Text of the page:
Tarangire National Park is a gem filled with elephants and Baoba tree. During the light rains in November/December turns the landscape into a green paradise. Around the Tarangire River flows life in every imaginable form. The park is probably the densest elephant range in Tanzania. There are two public camping sites, as well as several expensive luxury lodges.
Lake Manyara National Park is during the rainy season made up mainly by the soda lake with the same name together with the land area between the lake and steep rift edges in the west. The rain forest in the park, especially near the northern park entrance, is impressive. Not least at breeding time in January-March, when you especially early mornings should stop, turn off the engine and just allow yourself to be absorbed by the powerful bird song.
Camping and nice bungalows are located directly inside the park's northern entrance, expensive private lodges further south in the park.
More pictures from Manyara here.
Lake Eyasi - the last remaining hunter/gatherers
At the rift bottom south of Manyara is another soda lake, Eyasi. Here live Hadzape, the only surviving gathering hunting people of East Africa. Together with the San in Southern Africa and the Batwa of Central Africa they are the only remaining people who partly still practice our species original method of survival. The dry and hot climate is not something Hadzape have chosen. They have been driven to this semi-desert and San driven to Kalahari border zone.
Kilimanjaro and Meru - rain forests and snow
Between Arusha and Kilimanjaro are Africa's highest and fifth highest mountains. With their peaks at 6 and 4.6 kilometers altitude over the sea respectively volcanoes Kilimanjaro and Meru create their own weather systems and habitats. Because water supply is assured all year round, many people live in the mountains. Those parts of saved original southern rainforests are well worth a visit and can be combined with visits to some of the people who live here. You can roam with guides from the Chagga people of Kilimanjaro and see how people maintain themselves at the foot of the world's highest detached mountain. The Meru people at Mount Meru can show you how small-scale food and coffee production works down here.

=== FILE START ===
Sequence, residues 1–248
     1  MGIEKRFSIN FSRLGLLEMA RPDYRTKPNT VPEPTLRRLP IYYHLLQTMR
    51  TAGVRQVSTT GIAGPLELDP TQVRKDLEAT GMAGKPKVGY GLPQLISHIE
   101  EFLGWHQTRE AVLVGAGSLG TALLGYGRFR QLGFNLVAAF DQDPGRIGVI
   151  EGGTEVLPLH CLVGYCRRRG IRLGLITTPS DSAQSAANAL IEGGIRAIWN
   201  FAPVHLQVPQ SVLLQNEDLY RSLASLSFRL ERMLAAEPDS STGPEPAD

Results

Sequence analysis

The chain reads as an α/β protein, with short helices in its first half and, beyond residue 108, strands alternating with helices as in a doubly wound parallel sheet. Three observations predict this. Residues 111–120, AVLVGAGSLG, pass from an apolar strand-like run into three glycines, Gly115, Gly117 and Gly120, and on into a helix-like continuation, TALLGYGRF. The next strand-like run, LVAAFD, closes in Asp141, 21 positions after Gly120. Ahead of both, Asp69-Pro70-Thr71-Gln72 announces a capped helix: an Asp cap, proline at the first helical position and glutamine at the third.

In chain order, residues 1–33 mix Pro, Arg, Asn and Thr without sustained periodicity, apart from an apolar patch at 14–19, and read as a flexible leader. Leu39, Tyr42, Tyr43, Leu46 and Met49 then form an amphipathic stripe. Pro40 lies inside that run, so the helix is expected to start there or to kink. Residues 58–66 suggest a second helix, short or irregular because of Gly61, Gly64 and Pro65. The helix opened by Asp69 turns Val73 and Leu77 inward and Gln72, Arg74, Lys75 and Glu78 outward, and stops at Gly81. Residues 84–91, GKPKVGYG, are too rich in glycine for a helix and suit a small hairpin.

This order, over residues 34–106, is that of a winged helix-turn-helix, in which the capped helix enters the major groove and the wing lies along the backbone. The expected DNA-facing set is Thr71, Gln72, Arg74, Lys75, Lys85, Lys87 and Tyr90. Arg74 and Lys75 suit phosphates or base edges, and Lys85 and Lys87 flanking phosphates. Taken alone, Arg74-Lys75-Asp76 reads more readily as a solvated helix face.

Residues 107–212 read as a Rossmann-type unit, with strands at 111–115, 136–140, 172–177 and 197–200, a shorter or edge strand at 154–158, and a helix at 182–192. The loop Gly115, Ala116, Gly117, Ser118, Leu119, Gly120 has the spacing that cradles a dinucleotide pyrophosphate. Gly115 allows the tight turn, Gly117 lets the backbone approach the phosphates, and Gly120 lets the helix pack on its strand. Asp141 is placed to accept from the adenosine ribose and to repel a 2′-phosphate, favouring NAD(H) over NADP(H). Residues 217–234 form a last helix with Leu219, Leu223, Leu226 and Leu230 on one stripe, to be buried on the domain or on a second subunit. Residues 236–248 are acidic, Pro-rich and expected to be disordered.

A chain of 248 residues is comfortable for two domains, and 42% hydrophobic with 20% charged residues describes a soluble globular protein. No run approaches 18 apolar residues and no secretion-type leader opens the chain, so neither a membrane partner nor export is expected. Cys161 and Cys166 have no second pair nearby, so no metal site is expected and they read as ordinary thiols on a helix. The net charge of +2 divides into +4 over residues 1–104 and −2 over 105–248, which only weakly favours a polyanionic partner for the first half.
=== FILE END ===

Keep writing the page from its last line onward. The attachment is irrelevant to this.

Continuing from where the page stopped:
To climb Kilimanjaro 5,895 masl is a challenge of at least a week, and proper equipment for alpine conditions and a good condition are required. Too cold and too much equipment are the reasons to why we have not tried it.
Mount Meru with its 4,566 m above sea level requires 3-4 days and sufficient equipment is rain gear and good condition. There, we snuck up in 2012 together with the guide Lauwo Abel, grandson of Yohanas Lauwo who guided the first European to Kilimanjaro peak 1889.
Highlights of northern Tanzania:
- Ndutu's short grass savannas
- Walking safari in Arusha National Park
- Canoing on Lake Duluti
- Bicycle tour at Lake Manyara's shores
- Lake Manyara National Park
- Volcano Ol Doinyo Lengai
- Lukuba Island in Lake Victoria
- Ngorongoro highlands
- Lake Eyasi
- Lake Natron
- Chagga people at Kilimanjaro
- Meru people at Mount Meru
- Bicycle tour among cultivations at Lake Manyara
- Visit to Hadzape people at Lake Eyasi